Advertisement

Incidence and Clinical Course of Hemorrhagic Radiation Proctitis After Iodine-125 Prostate Brachytherapy

      This paper is only available as a PDF. To read, Please Download here.

      Abstract

      Purpose

      Hemorrhagic radiation proctitis (HRP) is a potential complication of prostate brachytherapy. We sought to determine the incidence and clinical course of hemorrhagic radiation proctitis after iodine-125 (125I) prostate brachytherapy.

      Patients and Methods

      Between 1995 and 2003, 221 consecutive patients were treated at the Barrett Cancer Center with permanent 125I seed implantation for presumed localized adenocarcinoma of the prostate. No patients received EBRT. All cases of HRP were confirmed by colonoscopy. Median follow-up was 52 months. All patients were evaluated for HRP using a 5-grade rectal bleeding scale developed by the Radiation Therapeutic Oncology Group.

      Results

      Thirty-three patients experienced grade ≤ 1 toxicity at some point after treatment. Twenty patients developed grade 2 toxicity, 9 developed grade 3, and 2 developed grade 4. The median time to onset of symptoms of HRP was 14 months. The incidence of HRP had a bimodal temporal onset, with a peak seen at 4 months and a second larger peak at 16 months. Peak toxicity occurred at 18 months after the onset of rectal bleeding, after which there was a sharp decline in toxicity.

      Conclusion

      This study demonstrates tolerable rectal morbidity after transperineal prostate brachytherapy of the prostate. Hemorrhagic radiation proctitis occurring after brachytherapy for prostate cancer is usually self-limiting and frequently resolves without treatment or with minor medical treatment. Patients develop HRP soon after treatment or after a delay in treatment. Symptoms appear to peak 18 months after the onset of HRP.

      Key words

      To read this article in full you will need to make a payment

      Purchase one-time access:

      Academic & Personal: 24 hour online accessCorporate R&D Professionals: 24 hour online access
      One-time access price info
      • For academic or personal research use, select 'Academic and Personal'
      • For corporate R&D use, select 'Corporate R&D Professionals'

      Subscribe:

      Subscribe to Clinical Genitourinary Cancer
      Already a print subscriber? Claim online access
      Already an online subscriber? Sign in
      Institutional Access: Sign in to ScienceDirect

      References

        • Saclarides TJ
        • King DG
        • Franklin JL
        • et al.
        Formalin instillation for refractory radiation-induced hemorrhagic proctitis. Report of 16 patients.
        Dis Colon Rectum. 1996; 39: 196-199
        • Cunningham IG
        The management of radiation proctitis.
        Aust N Z J Surg. 1980; 50: 172-178
        • Deitel M
        • Vasic V
        Major intestinal complications of radiotherapy.
        Am J Gastroenterol. 1979; 72: 65-70
      1. Plans and Priorities for Cancer Research [Web site].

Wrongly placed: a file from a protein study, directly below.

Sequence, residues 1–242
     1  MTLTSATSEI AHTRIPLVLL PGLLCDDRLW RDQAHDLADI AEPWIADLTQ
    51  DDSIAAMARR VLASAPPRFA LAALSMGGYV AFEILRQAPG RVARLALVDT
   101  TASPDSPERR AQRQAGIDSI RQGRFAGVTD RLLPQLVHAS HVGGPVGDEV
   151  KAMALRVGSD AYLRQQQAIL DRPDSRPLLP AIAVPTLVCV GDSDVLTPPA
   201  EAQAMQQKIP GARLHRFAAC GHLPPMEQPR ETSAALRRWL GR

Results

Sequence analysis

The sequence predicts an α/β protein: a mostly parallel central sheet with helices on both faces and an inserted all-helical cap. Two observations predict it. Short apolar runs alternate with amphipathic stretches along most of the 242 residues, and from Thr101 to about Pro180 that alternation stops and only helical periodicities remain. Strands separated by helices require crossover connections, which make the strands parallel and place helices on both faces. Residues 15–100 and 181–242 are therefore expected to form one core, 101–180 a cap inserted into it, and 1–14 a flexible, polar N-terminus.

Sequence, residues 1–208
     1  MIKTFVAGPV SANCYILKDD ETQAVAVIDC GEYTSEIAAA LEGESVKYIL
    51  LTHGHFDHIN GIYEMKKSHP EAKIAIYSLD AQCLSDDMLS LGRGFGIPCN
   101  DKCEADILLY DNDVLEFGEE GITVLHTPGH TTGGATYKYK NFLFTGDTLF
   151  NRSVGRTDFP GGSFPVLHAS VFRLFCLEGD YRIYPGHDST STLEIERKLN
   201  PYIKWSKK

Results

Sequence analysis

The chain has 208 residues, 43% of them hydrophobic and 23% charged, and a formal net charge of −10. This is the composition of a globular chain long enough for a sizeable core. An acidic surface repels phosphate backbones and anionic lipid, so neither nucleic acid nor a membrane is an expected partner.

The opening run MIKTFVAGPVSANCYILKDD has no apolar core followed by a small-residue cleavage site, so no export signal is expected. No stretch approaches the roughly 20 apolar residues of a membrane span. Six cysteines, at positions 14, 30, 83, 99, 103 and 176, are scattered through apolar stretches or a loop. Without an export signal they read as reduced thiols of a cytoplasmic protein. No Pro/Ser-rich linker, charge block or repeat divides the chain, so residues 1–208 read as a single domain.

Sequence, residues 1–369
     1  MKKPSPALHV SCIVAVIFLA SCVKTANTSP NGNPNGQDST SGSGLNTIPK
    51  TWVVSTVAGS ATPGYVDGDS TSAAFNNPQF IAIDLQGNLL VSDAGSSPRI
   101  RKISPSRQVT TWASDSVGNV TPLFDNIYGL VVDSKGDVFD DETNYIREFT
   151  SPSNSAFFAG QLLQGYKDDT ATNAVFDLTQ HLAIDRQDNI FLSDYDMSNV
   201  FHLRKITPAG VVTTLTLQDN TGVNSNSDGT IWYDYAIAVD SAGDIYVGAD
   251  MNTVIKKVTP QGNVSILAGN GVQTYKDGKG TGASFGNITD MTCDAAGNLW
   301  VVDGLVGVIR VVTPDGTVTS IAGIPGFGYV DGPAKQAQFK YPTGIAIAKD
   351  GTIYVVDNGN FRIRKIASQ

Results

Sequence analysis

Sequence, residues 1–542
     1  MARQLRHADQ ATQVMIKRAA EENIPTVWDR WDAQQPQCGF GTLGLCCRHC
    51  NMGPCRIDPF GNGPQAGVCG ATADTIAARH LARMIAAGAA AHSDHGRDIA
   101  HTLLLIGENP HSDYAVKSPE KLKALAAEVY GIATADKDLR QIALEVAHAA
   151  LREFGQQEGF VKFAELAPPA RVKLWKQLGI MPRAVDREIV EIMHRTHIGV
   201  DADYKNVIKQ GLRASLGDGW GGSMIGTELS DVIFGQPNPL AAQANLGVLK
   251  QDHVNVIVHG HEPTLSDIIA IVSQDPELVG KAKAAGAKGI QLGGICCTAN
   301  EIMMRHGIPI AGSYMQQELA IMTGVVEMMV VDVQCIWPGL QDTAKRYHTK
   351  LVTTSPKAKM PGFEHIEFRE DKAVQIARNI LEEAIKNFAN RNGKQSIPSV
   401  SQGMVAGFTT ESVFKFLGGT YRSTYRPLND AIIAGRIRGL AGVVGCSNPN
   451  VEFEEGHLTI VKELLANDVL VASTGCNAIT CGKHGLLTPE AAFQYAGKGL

(Accessed July 1, 2006)
        • Beyer DC
        • Priestley Jr, JB
        Biochemical disease-free survival following 125I prostate implantation.
        Int J Radiat Oncol Biol Phys. 1997; 37: 559-563
        • Ragde H
        • Korb LJ
        • Elgamal AA
        • et al.
        Modern prostate brachytherapy. Prostate specific antigen results in 219 patients with up to 12 years of observed follow-up.
        Cancer. 2000; 89: 135-141
        • Kitta T
        • Shinohara N
        • Shirato H
        • et al.
        The treatment of chronic radiation proctitis with hyperbaric oxygen in patients with prostate cancer.
        BJU Int. 2000; 85: 372-374
        • Otchy DP
        • Nelson H
        Radiation injuries of the colon and rectum.
        Surg Clin North Am. 1993; 73: 1017-1035
        • Zinicola R
        • Rutter MD
        • Falasco G
        • et al.
        Haemorrhagic radiation proctitis: endoscopic severity may be useful to guide therapy.
        Int J Colorectal Dis. 2003; 18: 439-444
        • Gelblum DY
        • Potters L
        Rectal complications associated with transperineal interstitial brachytherapy for prostate cancer.
        Int J Radiat Oncol Biol Phys. 2000; 48: 119-124
        • Teshima T
        • Hanks GE
        • Hanlon AL
        • et al.
        Rectal bleeding after conformal 3D treatment of prostate cancer: time to occurrence, response to treatment and duration of morbidity.
        Int J Radiat Oncol Biol Phys. 1997; 39: 77-83
        • Donner CS
        Pathophysiology and therapy of chronic radiation-induced injury to the colon.
        Dig Dis. 1998; 16: 253-261
        • Babb RR
        Radiation proctitis: a review.
        Am J Gastroenterol. 1996; 91: 1309-1311
        • Hu K
        • Wallner K
        Clinical course of rectal bleeding following I-125 prostate brachytherapy.
        Int J Radiat Oncol Biol Phys. 1998; 41: 263-265
        • Merrick GS
        • Butler WM
        • Dorsey AT
        • et al.
        Rectal dosimetric analysis following prostate brachytherapy.
        Int J Radiat Oncol Biol Phys. 1999; 43: 1021-1027
        • Kang SK
        • Chou RH
        • Dodge RK
        • et al.
        Gastrointestinal toxicity of transperineal interstitial prostate brachytherapy.
        Int J Radiat Oncol Biol Phys. 2002; 53: 99-103
        • Schultheiss TE
        • Lee WR
        • Hunt MA
        • et al.
        Late GI and GU complications in the treatment of prostate cancer.
        Int J Radiat Oncol Biol Phys. 1997; 37: 3-11